Pharmacists say laws passed in Arkansas in 2015 and 2018 have lessened but not ended under-cost reimbursements by pharmacy benefit managers, and now they are hoping a law passed this year will further reduce underpayments.
John Vinson, executive vice president and CEO of the Arkansas Pharmacists Association, said pharmacists now aren’t usually reimbursed less than their wholesale cost of the drug, but it does happen. And reimbursements often don’t take into account all expenses such as labor and facility costs.
“Overall, there have been some improvements, but it’s far from a fixed problem,” he said.
Vinson had received a call the previous day from a pharmacist who was reimbursed $20 for a drug that cost her $105 to purchase; the reimbursement had been $150 the month before. In that situation, a large employer fell under a federal exemption under the Employee Retirement Income Security Act, or ERISA, which was passed by Congress in 1974.
Pharmacy benefit managers act as middlemen between health insurance companies and pharmacies. Their reimbursement rates are supposed to incentivize pharmacies to find lower wholesale drug prices. Eighteen are licensed in Arkansas with one pending application, but three dominate the market – CVS Caremark, which is part of the corporation that operates the CVS drugstore chain, OptumRX and Express Scripts.
Greg Lopes, assistant vice president, strategic communications for the Pharmaceutical Care Management Association that represents PBMs, said, “Pharmacy benefit managers, PBMs, help keep prescription drugs accessible and affordable for consumers by encouraging competition among drug manufacturers and drugstores. In Arkansas alone, PBMs will save health programs $6.5 billion over ten years.”
Legislators in a 2018 special session passed the PBM Licensure Act, which went into effect at the beginning of the year and required PBMs to be licensed by the Arkansas Insurance Department rather than simply being registered as a third party administrator, which is how most states treat them. It made state laws regulating the industry enforceable by the department in addition to the attorney general, who already had that power. The department reviews sample contracts between PBMs and pharmacists and approves PBMs’ compensation programs to ensure reimbursements are fair and reasonable.
PBMs did increase reimbursements in some plans after the law was passed, said the APA’s Vinson. But he was unsure if the change occurred as a result of the legislation or the public pressure being exerted on health insurers and PBMs.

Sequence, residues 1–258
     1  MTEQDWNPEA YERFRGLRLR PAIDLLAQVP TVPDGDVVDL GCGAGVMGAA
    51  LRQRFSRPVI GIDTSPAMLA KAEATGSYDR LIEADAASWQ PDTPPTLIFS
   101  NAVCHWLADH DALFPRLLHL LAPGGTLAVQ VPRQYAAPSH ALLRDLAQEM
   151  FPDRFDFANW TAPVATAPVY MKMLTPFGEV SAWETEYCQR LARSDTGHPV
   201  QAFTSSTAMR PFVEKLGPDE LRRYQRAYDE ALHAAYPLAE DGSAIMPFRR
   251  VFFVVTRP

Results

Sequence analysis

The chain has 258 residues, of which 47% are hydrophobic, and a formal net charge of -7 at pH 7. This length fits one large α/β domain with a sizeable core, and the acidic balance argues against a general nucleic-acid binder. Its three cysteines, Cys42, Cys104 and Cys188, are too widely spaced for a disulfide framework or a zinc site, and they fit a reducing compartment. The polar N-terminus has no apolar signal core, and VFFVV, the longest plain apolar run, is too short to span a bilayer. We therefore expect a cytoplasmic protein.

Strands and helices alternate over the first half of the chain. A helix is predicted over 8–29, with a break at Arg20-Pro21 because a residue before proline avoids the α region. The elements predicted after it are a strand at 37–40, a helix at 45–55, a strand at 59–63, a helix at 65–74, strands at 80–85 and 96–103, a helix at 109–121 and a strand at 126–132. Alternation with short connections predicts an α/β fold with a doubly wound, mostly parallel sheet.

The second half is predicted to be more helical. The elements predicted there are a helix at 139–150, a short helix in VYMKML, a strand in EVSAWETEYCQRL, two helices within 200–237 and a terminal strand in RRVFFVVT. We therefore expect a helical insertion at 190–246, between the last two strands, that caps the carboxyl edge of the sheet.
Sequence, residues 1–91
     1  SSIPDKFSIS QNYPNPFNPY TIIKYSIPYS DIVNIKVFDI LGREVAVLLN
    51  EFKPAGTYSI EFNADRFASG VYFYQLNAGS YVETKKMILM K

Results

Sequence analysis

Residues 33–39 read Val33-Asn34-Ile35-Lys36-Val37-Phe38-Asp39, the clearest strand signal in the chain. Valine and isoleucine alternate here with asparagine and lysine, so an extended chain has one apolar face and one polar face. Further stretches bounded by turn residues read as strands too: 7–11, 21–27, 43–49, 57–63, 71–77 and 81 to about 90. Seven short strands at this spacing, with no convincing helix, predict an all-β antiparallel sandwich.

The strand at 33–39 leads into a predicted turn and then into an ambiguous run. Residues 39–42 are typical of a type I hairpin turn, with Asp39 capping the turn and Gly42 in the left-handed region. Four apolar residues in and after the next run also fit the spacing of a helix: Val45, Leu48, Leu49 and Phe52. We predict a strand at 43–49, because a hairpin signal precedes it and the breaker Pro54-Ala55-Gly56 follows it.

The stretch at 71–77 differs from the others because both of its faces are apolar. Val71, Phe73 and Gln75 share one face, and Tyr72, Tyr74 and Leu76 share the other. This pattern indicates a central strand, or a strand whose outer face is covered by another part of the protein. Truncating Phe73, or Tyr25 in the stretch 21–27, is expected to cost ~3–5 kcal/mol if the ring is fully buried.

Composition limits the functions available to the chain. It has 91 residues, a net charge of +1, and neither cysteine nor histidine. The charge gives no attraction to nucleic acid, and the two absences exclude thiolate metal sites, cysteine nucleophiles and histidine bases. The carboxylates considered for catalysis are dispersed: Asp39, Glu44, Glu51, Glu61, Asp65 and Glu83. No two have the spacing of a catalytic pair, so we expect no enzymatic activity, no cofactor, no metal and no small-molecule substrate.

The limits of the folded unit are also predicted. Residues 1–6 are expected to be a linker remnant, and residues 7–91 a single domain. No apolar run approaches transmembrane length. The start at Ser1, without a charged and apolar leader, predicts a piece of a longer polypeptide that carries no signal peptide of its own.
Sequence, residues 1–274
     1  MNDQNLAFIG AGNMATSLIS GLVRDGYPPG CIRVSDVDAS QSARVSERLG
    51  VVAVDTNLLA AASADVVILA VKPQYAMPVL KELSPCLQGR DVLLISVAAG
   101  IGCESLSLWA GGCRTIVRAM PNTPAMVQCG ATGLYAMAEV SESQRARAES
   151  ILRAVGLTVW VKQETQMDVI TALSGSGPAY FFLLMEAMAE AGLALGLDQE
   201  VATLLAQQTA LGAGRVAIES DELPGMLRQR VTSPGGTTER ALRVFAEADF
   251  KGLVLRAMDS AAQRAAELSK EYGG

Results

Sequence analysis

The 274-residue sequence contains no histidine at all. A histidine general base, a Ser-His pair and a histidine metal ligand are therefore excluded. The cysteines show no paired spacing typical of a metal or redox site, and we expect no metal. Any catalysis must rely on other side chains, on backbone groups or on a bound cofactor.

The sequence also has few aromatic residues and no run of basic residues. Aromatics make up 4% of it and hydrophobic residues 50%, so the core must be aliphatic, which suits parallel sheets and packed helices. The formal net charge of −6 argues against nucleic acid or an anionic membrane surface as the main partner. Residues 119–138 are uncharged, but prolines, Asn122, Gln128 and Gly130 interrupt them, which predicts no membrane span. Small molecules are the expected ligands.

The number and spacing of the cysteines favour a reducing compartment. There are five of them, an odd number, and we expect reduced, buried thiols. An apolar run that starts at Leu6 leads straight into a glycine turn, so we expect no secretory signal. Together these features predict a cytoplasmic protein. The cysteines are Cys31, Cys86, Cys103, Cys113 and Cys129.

Dean Watts, who owns Dean’s Pharmacies in Stuttgart, Marianna and DeWitt and is president of the Arkansas Pharmacists Association, said the PBM Licensure Act by itself was of limited value, but it did contribute to an improving climate for pharmacists.
“I think they reversed course or at least eased up on some of the pressures they were putting on us in January of 2018, but just barely,” he said.
Watts guessed that before the 2018 law was passed, three out of 10 prescriptions at his pharmacies were being reimbursed below costs or within pennies of the cost. He guessed that now, one out of 10 prescriptions is reimbursed below the cost of the medication, but that doesn’t include other costs such as labor.
“At one point at the beginning of 2018, it was scary to stand back there and work,” he said.
Brittany Sanders, owner of the Pharmacy at Wellington in west Little Rock, said reimbursements immediately improved after the 2018 legislation was passed after reaching unsustainably low levels. In some plans, the market basket as a whole was under cost based on the wholesale cost of the drugs.
The PCMA’s Lopes said PBMs are trying to serve consumers and pharmacies.
“Unfortunately, there have been widespread misconceptions about reimbursement rates in Arkansas,” he said. “PBMs have been, and continue to be, committed to reducing prescription drug costs while also fairly compensating pharmacies.”
DISPENSING FEES DISAPPEARING
Over the years, the reimbursement methodology has included a professional dispensing fee that is separate from the ingredient cost. It pays for the pharmacist’s time to do a drug utilization review to make sure it’s safe and effective and that there’s not a drug interaction, to counsel the patient, and to pay for other costs such as the bottle and label. Those have eroded to where some of the new contracts have dispensing fees as low as zero.
Sanders said the actual cost of dispensing a drug is about $10 per prescription. The state’s Medicaid program pays pharmacists a dispensing fee of $10.50 for generic and preferred brand drugs and $9 for others as an incentive to lower costs.
In November 2018, her pharmacy received notification that it would be billed retroactively for drug charges. These kinds of reimbursements, known as generic effective rates, brand effective rates, and direct and indirect renumeration (DIR) fees, which occur primarily in Medicare Part D plans, allow PBMs to use a formula to claw back money paid for claims filed over time. Sanders said her pharmacy now works with a company that helps it escrow money for these charges.